Friday, March 24, 2017

Building a Strong Connection with your Parrot

Developing a great connection with your parrot starts the first day you bring her home. Behavioral problems of all kinds can be avoided by having a keen eye, creating an exciting environment, and demonstrating respect. 

Fundamentals of Parrot Partnering

 You need room to move--so does a parrot.  Remember:  your friend has to spend many hours in her cage.  Be sure to provide lots of toys, but not so many as to crowd the cage.  Rotate the playthings every week or two and be sure to check the playground daily to ensure safety (no sharp edges or small pieces). 

Your parrot likes a change of environment as much as you do--release her from her cage as often and for as long as you can.  And remember, studies show that parrots form pair bonds; in essence you are her mate.  Think about a perch in every room so your parrot can always be with you. For smaller birds, an untreated wicker basket and for larger birds a tree branch or piece of PVC piping. 

 A parrot’s diet ought to consist of fresh fruits and vegetables, pellets, and seeds. A balanced diet with lots of fresh food is very important.  There is much information on the internet about appropriate percentages for each species. Feeding can also contribute to environment--concealing food in toys or under various items makes her work for her food, and is a great source of entertainment.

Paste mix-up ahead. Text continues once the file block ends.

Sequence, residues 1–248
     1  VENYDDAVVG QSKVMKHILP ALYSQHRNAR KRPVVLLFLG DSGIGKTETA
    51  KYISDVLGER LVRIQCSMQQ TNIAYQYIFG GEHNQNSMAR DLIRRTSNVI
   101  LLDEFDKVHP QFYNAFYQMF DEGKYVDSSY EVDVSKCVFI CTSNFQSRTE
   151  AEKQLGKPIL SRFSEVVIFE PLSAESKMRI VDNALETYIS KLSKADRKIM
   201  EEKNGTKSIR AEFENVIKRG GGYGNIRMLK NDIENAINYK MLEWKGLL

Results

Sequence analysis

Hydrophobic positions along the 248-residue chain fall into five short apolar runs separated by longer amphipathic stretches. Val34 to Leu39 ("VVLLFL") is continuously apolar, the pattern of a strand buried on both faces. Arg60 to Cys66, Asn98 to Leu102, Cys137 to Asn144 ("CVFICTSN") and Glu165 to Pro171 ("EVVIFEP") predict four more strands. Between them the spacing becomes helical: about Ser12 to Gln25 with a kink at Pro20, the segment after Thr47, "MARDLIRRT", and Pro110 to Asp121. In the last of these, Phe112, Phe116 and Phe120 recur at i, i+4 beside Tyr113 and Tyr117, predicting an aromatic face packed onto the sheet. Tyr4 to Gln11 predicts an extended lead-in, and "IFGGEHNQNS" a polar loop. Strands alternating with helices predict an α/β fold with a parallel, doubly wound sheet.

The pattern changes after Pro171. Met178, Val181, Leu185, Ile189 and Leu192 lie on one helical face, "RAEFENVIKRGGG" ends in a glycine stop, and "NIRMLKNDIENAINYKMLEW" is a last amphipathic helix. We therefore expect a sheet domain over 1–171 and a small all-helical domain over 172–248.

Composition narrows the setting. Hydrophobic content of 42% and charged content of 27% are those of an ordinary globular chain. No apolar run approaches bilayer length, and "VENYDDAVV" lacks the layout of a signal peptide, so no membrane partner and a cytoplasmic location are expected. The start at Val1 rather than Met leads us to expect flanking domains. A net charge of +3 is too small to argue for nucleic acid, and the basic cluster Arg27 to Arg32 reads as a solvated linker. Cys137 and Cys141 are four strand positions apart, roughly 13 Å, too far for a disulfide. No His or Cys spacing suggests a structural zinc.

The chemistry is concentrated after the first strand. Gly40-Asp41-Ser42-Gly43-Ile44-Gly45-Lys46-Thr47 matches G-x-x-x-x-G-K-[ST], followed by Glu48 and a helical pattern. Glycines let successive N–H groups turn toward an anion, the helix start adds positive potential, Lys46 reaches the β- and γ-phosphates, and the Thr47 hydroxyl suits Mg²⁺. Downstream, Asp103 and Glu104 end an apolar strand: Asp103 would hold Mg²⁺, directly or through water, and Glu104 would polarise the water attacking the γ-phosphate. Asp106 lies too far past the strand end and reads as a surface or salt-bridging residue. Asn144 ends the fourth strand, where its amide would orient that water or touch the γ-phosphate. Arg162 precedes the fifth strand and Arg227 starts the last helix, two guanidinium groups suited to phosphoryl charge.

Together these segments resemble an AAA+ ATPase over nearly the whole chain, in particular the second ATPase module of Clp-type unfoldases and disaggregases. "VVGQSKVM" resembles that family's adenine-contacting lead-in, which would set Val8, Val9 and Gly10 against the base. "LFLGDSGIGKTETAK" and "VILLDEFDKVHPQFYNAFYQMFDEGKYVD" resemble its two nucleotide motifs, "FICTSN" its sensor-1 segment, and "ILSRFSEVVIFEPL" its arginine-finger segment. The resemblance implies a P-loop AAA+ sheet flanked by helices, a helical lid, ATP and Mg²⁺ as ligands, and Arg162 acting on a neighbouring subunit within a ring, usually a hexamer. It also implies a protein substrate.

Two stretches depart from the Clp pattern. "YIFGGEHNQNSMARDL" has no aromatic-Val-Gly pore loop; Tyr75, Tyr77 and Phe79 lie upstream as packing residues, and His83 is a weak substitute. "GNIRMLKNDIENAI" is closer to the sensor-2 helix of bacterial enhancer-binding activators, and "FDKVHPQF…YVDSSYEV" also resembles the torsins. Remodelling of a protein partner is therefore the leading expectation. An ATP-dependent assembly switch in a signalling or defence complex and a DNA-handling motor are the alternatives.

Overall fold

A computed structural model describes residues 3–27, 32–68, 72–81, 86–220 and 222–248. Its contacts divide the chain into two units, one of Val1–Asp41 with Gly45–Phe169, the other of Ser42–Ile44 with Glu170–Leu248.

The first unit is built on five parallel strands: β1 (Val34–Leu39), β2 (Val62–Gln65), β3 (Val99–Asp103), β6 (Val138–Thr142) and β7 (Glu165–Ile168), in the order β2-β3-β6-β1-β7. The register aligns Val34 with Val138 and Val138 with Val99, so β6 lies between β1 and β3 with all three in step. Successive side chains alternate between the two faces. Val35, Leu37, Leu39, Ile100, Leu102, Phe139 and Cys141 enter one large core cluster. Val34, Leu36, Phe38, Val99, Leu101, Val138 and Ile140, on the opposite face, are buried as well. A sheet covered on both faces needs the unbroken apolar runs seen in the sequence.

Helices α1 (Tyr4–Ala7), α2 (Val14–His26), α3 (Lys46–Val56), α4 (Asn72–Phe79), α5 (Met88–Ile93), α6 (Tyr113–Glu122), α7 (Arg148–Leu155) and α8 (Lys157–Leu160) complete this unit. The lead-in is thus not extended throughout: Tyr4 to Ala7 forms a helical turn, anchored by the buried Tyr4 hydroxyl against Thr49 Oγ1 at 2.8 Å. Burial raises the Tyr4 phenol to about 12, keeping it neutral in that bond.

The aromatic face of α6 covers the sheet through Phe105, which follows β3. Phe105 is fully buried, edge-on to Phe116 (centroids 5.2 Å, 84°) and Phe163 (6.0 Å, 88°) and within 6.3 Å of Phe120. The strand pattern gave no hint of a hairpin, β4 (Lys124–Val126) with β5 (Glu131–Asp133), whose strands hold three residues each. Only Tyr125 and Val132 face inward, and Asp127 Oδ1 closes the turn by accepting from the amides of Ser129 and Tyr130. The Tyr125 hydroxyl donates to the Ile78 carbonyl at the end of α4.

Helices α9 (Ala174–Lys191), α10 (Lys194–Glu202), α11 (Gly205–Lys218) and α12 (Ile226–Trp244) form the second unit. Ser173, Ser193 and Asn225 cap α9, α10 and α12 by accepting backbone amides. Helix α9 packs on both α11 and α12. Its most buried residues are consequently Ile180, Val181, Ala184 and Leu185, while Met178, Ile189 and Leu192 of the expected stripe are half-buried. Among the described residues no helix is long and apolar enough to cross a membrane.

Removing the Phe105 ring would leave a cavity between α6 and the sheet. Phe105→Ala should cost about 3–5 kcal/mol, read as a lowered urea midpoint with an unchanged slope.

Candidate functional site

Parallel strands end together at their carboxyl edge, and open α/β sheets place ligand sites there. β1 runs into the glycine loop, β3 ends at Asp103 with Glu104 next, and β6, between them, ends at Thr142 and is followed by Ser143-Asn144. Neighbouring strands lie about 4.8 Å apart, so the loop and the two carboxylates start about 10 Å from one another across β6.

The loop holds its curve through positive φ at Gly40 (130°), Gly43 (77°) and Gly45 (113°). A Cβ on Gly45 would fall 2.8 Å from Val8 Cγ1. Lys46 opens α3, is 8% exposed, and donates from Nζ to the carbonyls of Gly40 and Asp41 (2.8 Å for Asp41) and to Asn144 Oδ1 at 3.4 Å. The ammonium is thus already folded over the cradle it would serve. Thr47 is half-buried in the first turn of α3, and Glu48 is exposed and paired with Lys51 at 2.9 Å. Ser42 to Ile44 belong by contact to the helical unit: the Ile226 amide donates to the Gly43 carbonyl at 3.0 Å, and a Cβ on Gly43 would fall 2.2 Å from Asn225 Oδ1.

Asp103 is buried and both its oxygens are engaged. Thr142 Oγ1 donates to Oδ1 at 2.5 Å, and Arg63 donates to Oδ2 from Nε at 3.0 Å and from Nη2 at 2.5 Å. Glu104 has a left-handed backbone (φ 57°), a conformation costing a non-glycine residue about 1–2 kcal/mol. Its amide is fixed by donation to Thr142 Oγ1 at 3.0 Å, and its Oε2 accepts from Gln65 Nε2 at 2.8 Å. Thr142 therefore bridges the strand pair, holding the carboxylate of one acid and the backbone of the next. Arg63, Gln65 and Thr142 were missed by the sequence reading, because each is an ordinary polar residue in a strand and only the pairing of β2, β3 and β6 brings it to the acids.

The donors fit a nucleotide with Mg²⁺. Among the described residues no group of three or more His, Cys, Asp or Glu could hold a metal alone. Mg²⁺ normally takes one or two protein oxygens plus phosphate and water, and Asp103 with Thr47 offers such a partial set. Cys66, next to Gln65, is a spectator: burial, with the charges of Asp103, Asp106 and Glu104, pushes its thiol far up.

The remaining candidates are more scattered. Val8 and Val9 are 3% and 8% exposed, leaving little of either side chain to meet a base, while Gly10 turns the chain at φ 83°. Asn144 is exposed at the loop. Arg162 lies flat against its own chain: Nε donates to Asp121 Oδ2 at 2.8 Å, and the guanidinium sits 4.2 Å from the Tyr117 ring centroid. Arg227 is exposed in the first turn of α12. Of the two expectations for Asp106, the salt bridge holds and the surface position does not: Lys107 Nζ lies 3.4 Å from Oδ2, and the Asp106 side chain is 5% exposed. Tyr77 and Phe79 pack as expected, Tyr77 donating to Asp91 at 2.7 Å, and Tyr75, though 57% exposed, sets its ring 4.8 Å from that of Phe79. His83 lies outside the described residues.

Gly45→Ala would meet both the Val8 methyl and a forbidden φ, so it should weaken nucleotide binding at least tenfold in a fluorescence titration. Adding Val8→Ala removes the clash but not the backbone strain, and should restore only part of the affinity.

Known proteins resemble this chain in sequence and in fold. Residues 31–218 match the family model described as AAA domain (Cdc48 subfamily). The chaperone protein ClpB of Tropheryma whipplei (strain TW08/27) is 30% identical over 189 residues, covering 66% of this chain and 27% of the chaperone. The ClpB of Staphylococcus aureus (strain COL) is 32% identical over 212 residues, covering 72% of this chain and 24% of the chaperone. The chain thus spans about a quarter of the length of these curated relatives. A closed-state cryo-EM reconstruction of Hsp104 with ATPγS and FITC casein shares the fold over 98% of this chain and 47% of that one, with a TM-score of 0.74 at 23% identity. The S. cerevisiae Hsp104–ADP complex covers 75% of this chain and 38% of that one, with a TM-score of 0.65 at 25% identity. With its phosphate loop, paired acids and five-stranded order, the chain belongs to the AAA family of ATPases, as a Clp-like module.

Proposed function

Toys and Games
 Toys are an important part of any parrot’s life. Toys are a form of environmental enhancement, used to maintain captive animals’ health in zoos and breeding programs as well as in homes. The fact is that parrots in our homes don't have much to do.  No foraging, no avian interaction, no offspring rearing, etc.  They need something to stimulate their minds and their bodies, and toys provide that. Puzzle toys are great for developing problem-solving skills. Rope toys are great for hanging on and gaining good balance.

You should be part of the entertainment.  Fetch, hide and seek, shape/color identification--interactive games are as important with parrots as they are with small children. They help create a strong bond between you both and promote intellectual development.

 Parrots are extremely intelligent.  A wonderful way to get them to use their intelligence is by spending time every day in training.  Clicker training is a great way to train your birds to do both fun and necessary behaviors. The parrot learns to repeat the behavior he was doing when he heard the click, and, thereby, can learn to do many tasks on cue.  The internet has many sites that explain clicker training.

Parrots live in neat little pairs. This is why most parrots have a favorite person even if they are tended by all family members.   Some species are more likely than others to prefer one person. Within these pairs, each parrot is more or less equal. Parrots do not use force to dominate one another. When we try to use force with our parrots, we get one of two results--either the parrot retreats from us, or it fights back and we get bitten. Neither is the result that we want.  What we do want is a parrot who respects us and enjoys our company.   

Parrots enrich our lives and it is up to us to be the best companions we can be for them.  It can be a challenge, but the end result is a rewarding partnership between parrot and person.

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